The Tamil National Alliance (TNA) would certainly want the maximum exercise of power, should it lead Sri Lanka’s Northern Provincial Council (NPC) following the elections slated for September, its members have said.

TNA leader R. Sampanthan said in regard to the people of the north and east affected by the war, the Alliance had endeavoured to avoid an attitude of confrontation with the government and had offered to cooperate. Addressing the Foreign Correspondents’ Association recently, Mr. Sampanthan said the TNA would work with the government to provide the people with proper housing and livelihood and an opportunity to recommence life.

M.A. Sumanthiran, TNA MP, said the real issue was the extent of executive power the Governor would be willing to share with the Board of Ministers. “Under the Constitution, the entirety of the executive powers of the province is vested with the Governor. So there will have to be certain negotiation in accordance with the people’s democratic wish and expectations.”

The Board of Ministers, he said, must have sufficient executive powers to carry out their own programmes on economy, job creation, agriculture and fisheries.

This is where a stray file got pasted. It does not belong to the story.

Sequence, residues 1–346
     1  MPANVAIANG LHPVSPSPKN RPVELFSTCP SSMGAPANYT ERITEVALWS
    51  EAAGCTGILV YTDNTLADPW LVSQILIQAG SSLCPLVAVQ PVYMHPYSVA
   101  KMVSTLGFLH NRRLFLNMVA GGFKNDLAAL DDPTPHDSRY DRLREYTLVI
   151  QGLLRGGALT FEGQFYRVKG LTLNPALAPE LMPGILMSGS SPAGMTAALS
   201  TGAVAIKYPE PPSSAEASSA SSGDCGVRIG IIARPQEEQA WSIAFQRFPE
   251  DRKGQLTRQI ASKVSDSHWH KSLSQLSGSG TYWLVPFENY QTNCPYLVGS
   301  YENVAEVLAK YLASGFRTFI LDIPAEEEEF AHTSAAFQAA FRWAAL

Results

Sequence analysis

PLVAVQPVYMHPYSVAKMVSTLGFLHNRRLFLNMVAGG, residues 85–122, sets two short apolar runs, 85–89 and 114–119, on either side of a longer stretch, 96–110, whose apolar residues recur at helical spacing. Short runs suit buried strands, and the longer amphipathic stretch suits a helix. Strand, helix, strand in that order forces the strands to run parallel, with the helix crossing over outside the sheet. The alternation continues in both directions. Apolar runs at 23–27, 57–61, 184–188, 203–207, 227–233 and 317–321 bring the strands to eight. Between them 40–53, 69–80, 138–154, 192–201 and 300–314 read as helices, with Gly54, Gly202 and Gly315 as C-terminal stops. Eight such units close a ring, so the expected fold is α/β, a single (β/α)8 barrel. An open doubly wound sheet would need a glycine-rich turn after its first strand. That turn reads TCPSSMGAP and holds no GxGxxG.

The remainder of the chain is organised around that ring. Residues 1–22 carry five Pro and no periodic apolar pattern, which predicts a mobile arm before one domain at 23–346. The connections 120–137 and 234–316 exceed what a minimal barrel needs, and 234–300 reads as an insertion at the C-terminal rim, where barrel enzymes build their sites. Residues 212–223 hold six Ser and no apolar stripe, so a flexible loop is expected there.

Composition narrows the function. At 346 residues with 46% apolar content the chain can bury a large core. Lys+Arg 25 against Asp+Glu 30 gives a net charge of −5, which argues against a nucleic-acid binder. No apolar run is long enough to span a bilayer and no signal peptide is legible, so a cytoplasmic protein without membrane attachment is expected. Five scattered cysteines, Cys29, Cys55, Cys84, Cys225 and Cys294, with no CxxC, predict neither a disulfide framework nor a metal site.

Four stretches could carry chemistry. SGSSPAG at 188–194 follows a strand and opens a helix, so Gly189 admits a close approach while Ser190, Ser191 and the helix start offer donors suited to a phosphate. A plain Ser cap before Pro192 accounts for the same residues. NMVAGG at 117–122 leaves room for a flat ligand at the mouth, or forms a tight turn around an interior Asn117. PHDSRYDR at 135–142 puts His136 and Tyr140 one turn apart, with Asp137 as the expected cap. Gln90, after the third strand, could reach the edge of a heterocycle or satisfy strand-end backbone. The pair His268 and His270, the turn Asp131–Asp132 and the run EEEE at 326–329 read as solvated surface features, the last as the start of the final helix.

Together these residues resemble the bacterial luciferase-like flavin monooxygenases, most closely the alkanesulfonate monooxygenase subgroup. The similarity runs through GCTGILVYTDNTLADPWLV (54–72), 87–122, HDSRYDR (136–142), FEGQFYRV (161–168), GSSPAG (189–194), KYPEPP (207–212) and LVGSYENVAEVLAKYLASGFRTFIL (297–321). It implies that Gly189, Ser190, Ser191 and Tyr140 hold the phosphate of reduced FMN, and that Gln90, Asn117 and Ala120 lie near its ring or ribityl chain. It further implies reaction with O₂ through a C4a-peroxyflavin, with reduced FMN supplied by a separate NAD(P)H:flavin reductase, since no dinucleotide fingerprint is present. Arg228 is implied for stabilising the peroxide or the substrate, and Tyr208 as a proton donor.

Observing that the TNA has offered to work with the government, Mr. Sampanthan said: “We have clearly told the President that if he works with the TNA, being the democratically elected representative of the Tamil people, more funds will be available for rehabilitation and resettlement work in the north.”

TNA’s participation would give the process a greater measure of credibility and the diaspora would also be prepared to be involved in a big way, he said.

Though the TNA faced the threat of a split recently — with some of the constituent parties accusing the Ilankai Tamil Arasu Katchi of dominating — the Alliance has stayed together for the battle at the NPC elections that are likely to be held this September.

Political commentators in Sri Lanka say the TNA is quite likely to win the polls, considering the support it has in the north that has a majority of Tamils, and also the absence of any other strong alternative Tamil party.